Contracts: Compensation in the event of overdue payment - What can you claim?

Publication date: 26 January 2017
Creditors are entitled to statutory (commercial) interest over the period a defaulter is too late making payments. In addition, a penalty for overdue payment may be included in the contract. Can a creditor claim both, the contractual penalty and the statutory (commercial) interest?


Statutory (commercial) interest

Creditors are entitled to statutory (commercial) interest over the period a defaulter is too late making payments. This does not need to be agreed upon in the contract.

The statutory commercial interest applies to commercial agreements. These are business agreements, for instance, between two businesses or between a business and a government body. The statutory interest rate applies to other situations, such as agreements concluded with consumers.

The statutory commercial interest rate is significantly higher than the statutory interest rate. Currently, the statutory commercial interest rate is 8% and the statutory interest rate is 2%. Agreements concluded before 1 December 2002 might be subject to different rules.

Contractual penalty

The parties may choose to include a penalty clause in the contract. Such a clause may stipulate, for instance, that the debtor has to pay the creditor 3% of the amount due for each day he is late making payments.

Contractual penalty substitutes statutory (commercial) interest

Pursuant to the law, a penalty clause substitutes the compensation, including the statutory (commercial) interest. As a consequence, in case of late payment, the creditor in principle cannot claim a contractual penalty plus the statutory (commercial) interest. Also, in case of a penalty clause, it is not possible to opt for the statutory (commercial) interest if this will lead to a higher compensation than the penalty agreed upon, unless this was explicitly included in the agreement.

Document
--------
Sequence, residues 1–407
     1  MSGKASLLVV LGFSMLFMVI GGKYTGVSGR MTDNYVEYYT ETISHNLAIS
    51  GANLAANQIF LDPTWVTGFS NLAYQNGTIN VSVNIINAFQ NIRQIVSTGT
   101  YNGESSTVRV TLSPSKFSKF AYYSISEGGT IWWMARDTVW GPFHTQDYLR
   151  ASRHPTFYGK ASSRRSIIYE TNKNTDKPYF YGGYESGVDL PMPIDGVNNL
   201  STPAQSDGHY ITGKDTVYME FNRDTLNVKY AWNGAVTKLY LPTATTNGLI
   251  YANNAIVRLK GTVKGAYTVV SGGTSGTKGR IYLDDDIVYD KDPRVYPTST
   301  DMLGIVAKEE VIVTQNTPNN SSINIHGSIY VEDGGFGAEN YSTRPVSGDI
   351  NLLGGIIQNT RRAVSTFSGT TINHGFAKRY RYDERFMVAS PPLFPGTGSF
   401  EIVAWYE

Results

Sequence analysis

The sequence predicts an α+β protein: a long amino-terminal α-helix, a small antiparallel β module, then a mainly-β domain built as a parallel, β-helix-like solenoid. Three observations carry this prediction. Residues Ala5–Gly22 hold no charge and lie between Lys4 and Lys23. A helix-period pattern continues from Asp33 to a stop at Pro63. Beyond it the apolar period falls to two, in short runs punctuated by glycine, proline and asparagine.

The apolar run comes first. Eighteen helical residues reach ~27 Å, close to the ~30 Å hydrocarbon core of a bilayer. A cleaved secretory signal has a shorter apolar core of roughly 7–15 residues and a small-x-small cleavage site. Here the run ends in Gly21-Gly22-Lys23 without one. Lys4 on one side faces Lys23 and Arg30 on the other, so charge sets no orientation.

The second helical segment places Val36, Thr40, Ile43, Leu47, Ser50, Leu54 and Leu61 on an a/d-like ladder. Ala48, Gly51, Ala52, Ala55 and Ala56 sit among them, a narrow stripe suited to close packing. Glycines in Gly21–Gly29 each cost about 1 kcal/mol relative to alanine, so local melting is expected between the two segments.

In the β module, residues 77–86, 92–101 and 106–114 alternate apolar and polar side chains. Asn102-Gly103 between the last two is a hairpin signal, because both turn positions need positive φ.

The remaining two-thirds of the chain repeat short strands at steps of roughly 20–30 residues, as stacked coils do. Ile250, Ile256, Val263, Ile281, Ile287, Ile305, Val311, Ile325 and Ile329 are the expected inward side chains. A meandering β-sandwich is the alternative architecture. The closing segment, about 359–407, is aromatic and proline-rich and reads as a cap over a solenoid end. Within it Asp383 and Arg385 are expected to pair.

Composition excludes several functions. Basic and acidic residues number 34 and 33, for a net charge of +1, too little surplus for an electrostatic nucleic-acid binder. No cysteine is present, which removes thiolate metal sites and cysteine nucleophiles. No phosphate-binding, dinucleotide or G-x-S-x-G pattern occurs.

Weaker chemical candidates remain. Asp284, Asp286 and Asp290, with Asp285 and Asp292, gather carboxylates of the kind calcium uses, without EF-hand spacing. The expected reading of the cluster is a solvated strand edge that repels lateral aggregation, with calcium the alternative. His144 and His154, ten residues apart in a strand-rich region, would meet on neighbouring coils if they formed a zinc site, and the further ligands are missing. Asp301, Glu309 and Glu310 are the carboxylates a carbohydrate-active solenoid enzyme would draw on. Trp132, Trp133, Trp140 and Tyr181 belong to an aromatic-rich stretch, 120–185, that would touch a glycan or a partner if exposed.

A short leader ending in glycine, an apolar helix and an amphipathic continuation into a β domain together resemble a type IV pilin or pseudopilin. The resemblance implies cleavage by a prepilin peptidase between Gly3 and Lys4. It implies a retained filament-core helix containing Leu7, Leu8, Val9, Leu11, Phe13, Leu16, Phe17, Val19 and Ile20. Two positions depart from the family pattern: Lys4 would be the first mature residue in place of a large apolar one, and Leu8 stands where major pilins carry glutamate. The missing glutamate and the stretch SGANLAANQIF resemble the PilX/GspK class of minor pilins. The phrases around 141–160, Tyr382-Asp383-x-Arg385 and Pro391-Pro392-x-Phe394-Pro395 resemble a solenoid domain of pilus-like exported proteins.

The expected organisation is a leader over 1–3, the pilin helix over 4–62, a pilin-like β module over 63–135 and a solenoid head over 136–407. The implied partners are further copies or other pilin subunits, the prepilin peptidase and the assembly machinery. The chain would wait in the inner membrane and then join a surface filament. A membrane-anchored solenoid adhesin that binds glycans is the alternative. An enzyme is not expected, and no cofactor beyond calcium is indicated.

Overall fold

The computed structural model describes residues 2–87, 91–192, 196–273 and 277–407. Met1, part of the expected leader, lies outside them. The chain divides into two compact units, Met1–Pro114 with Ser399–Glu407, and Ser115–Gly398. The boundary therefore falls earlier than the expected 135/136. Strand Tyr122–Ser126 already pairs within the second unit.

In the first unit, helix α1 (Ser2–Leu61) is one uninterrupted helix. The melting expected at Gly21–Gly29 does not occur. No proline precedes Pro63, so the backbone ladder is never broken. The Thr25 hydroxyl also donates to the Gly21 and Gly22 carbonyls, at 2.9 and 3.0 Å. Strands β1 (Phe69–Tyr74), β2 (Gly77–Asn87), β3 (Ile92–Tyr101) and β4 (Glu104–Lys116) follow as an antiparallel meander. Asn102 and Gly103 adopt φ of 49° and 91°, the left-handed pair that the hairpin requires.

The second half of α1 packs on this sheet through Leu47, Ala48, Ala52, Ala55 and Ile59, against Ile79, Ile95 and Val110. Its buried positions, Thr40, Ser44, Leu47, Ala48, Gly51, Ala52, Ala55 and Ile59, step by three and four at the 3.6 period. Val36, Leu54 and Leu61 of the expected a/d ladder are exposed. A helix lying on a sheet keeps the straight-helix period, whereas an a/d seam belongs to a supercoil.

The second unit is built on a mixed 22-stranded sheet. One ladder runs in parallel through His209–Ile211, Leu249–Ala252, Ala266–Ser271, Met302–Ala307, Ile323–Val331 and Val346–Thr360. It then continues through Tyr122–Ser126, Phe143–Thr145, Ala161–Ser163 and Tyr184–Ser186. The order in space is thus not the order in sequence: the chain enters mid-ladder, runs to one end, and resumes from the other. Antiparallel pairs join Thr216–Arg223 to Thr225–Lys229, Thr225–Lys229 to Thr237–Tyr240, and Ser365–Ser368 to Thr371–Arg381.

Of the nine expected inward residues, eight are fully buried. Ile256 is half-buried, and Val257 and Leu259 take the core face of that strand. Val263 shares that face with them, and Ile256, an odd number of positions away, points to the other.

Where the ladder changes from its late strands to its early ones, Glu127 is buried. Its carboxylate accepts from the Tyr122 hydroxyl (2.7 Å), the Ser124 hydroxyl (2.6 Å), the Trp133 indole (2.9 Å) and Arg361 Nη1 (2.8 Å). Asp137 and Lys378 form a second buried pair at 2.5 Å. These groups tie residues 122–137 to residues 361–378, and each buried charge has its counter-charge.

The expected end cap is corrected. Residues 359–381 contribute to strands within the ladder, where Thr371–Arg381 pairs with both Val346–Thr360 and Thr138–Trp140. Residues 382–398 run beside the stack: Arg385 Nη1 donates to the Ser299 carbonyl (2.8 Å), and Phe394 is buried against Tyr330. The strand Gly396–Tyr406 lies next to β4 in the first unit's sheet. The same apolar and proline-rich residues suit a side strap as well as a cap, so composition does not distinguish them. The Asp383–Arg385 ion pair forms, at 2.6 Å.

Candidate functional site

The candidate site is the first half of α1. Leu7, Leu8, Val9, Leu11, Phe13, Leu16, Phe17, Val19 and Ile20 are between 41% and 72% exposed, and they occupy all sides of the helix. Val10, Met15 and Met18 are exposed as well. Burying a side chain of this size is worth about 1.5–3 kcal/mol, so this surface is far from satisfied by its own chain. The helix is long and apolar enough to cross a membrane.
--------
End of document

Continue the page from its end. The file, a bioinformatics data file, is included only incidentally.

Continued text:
Derogating by agreement

The parties are free to derogate from this statutory regulation, but they must explicitly agree on this in the contract or the General Terms & Conditions. In practice, the following 3 ways of derogation can be found frequently:

  • Apart from the contractual penalty, compensation (including the statutory (commercial) interest rate) can be claimed.
  • Apart from the contractual penalty additional compensation can be claimed. The frequently used stipulation “without prejudice to the right to additional compensation” (onverminderd het recht op verdere schadevergoeding) falls under this category. If the creditor can prove that the statutory compensation exceeds the contractual penalty, the amount exceeding the penalty can be claimed in addition to the penalty. Thus, only the additional amount exceeding the penalty qualifies for compensation and not the entire statutory compensation.
  • The contractual penalty substitutes one specific kind of damage, when other damage can still be claimed.

Statutory interest on the contractual penalty

The main rule is that the creditor cannot claim both, the contractual penalty and the statutory (commercial) interest rate on the principal sum. However, the creditor may claim statutory interest on the contractual penalty in case the payment is late. This applies to trade agreements as well. However, claiming the statutory commercial interest rate on the contractual penalty is not allowed.

More information

Would you like us to draft a penalty clause or other sanctions on your behalf? Or would you like to learn more about the statutory (commercial) interest rate and contractual penalties? Please contact:

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